Cornwall Sand Dune Bioblitz Engagement Case Study
Case Study Type:
Public Engagement Case Study
Sand dune system:
The Towans, Hayle, Cornwall
Case Study Subject:
Bioblitz: a 24 hour event to engage local community and visitors with sand dune nature and to record species
About The Dune System Engagement Intervention
Site background information
The site is made up of multiple areas, owned and managed by various private land-owners and organisations. We set up our base camp at Gwithian Towans but also had meeting points at other locations (Gwithian Green, St Gothian Sands and Upton Towans) for various guided walks.
What was the issue/change you hoped to make?
Our aims were two-fold: to record as many plant and animal species as possible over 24 hours, with the help of local wildlife experts; and to engage with visitors and local people, via guided nature walks and fun family activities, in order to increase people’s understanding of the dunes and value to them as a special place for wildlife.
What was the suggested intervention?
To hold a 24-hour Bioblitz, coinciding with World Sand Dune Day, in order to record species in the area and to engage with local people and visitors, increasing their knowledge and appreciation of dune wildlife.
What did you do and how?
We worked with local wildlife experts and volunteers to form a timetable of events, including guided nature walks and botanical drawing. We advertised this widely using posters and social media.
At the event, we set up a base camp close to the large public carpark at Gwithian Towans. We had several gazebos, flags and sandwich boards to increase visibility. We had a variety of arts and crafts activities available for families including badge making and fingerprint insect art. As we had various locations as meeting points for walks, we asked volunteers to wait at these to help people find them.
We created record sheets for each of the four locations and volunteers recorded each species found on the various walks. We also had a large whiteboard on display, on which we recorded species after each walk, so people could easily see what had been spotted. These records have since been collated and passed on to both ERCCIS and ERICA’s record databases.
How did you do engage different groups and who did you work with?
We organised the event with help from local wildlife education CIC Budding Nature and from Towans Ranger Martin Rule. We invited local experts to lead guided walks in their area of specialism; these included Cornwall Wildlife Trust’s West Cornwall Reserves Manager Nick Marriott, members of Cornwall Reptile and Amphibian Group and Cornwall Butterfly Conservation and the team from Buglife’s local B-lines project. Dynamic Dunescapes volunteers helped with setting up the base camp, meeting participants at the various locations and helping things run smoothly.
We advertised the event by putting up posters in local cafes, supermarkets, libraries and on noticeboards. We promoted it on social media and asked local schools to share it on their newsletter or Facebook page. On the day we set up our base camp in a visible and well-frequented location, to attract both local dune-users and holiday makers.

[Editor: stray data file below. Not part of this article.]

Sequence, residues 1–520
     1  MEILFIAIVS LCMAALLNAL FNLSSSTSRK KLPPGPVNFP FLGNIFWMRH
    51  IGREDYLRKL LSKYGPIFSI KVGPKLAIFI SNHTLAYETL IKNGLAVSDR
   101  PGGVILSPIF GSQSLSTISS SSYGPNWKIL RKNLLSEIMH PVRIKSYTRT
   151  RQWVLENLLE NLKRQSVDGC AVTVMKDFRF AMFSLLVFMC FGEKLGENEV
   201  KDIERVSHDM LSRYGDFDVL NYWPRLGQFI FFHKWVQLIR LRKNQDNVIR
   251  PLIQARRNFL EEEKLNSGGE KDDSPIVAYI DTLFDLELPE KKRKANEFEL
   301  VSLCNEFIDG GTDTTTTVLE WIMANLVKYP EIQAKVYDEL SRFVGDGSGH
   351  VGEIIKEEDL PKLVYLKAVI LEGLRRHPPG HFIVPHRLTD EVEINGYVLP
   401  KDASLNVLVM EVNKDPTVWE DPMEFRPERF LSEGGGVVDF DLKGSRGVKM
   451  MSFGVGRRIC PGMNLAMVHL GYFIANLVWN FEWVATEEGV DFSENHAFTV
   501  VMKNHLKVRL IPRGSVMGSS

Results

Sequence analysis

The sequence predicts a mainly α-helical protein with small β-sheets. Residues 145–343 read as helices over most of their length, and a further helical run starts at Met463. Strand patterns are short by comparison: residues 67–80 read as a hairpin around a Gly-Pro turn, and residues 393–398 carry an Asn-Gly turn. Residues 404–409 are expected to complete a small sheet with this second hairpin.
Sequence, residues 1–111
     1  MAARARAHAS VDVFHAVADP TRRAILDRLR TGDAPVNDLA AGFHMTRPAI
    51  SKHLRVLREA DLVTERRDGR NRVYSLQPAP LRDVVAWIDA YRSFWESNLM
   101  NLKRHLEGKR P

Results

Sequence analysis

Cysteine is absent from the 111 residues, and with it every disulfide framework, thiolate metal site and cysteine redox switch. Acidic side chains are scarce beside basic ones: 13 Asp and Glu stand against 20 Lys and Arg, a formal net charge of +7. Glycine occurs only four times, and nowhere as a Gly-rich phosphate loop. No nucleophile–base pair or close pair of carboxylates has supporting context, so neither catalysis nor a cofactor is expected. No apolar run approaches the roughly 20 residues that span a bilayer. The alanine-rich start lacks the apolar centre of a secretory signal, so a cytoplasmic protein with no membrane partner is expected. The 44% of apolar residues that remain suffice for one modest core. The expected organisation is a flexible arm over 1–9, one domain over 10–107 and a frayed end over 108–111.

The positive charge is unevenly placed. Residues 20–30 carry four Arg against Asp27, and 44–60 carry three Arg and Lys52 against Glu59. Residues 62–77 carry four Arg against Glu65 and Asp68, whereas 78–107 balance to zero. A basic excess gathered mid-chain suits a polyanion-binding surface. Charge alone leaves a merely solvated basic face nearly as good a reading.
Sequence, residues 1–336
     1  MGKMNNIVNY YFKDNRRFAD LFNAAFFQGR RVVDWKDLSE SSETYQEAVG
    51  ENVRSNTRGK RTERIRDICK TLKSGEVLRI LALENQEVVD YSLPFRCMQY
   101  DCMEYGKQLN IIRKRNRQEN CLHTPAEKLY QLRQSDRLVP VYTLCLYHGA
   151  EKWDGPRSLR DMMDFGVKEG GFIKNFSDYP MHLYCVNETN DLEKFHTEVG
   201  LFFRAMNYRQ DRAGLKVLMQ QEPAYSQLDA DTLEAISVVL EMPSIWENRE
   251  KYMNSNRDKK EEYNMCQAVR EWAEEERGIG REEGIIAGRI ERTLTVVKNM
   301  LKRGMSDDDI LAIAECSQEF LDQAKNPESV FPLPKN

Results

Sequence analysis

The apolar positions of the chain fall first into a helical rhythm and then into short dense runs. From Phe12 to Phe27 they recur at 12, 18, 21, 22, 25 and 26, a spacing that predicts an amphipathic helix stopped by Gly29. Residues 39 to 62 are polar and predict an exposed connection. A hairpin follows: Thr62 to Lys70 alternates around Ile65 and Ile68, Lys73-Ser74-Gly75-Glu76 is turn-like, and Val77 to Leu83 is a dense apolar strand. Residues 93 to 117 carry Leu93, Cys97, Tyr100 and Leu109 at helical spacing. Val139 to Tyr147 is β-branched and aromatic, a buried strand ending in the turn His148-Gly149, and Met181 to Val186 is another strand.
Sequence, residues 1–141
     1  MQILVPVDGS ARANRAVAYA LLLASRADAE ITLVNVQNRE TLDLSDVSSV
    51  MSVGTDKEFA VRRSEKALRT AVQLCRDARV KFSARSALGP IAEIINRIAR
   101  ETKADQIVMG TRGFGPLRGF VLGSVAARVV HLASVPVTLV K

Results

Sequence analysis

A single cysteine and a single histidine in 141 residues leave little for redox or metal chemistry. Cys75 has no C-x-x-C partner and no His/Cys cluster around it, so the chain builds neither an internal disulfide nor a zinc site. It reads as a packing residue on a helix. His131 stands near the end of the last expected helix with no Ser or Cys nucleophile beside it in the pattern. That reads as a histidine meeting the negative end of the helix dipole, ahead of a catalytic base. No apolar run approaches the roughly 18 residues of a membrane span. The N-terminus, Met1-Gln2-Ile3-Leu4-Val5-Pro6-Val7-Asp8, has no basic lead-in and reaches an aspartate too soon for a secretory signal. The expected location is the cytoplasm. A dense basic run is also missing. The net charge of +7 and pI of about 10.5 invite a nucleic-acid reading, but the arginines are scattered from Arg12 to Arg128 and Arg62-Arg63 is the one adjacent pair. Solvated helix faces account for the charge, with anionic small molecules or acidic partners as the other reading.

How was the intervention monitored?
The impact was monitored via social media activity, as well as people engagement and record creation on the day. To promote the Bioblitz, we created a Facebook event on our Dynamic Dunescapes Cornwall page, which we then pushed to a wider audience by paying to ‘boost’ it; this reached 24,484 people and got 275 responses. We also posted in advance to promote the event on Facebook (4,597 people reached / 209 engagements) and Instagram (152 accounts reached / 14 engagements) and did a live Facebook video on the day, which received 183 views. During the event we engaged with 192 members of the public, as well as 18 volunteer helpers. Between everyone involved, the total number of species recorded during the 24 hour period was 430.
Highlight any issues/obstacles & how you overcame them?
The main issue was poor weather during the event, with strong winds and heavy rain showers experienced, especially on the Saturday. This had an effect on the number of participants, with very few calling by to chat and meet people at the base camp. Unfortunately, the wind and rain also made it unfeasible to do the arts and crafts activities and it meant that some of the guided walks needed to be delayed or cut short. However, all the walks went ahead – most as planned - and some were very well attended, despite the weather.
Did the intervention work?
Please describe how. What has changed?
The Bioblitz was a success in that we engaged with approximately 200 people over the weekend and we recorded 430 species of plants and animals on the site. It also provided a hub for local conservation groups and experts to get together.
What could be done differently?
Next time, it would be simpler to have all walks leading from one location and this would also have the added bonus of creating more of a buzz at the base camp: because there were several different starting points for walks, there was not enough of a congregation of people at base camp to attract in visitors from the beach and car park.
It may also be better to hold the event on one day, rather than 24 hours across two days, so that we would only have to set up and take down base camp gazebos etc. once. It might also make publicizing the event clearer for people.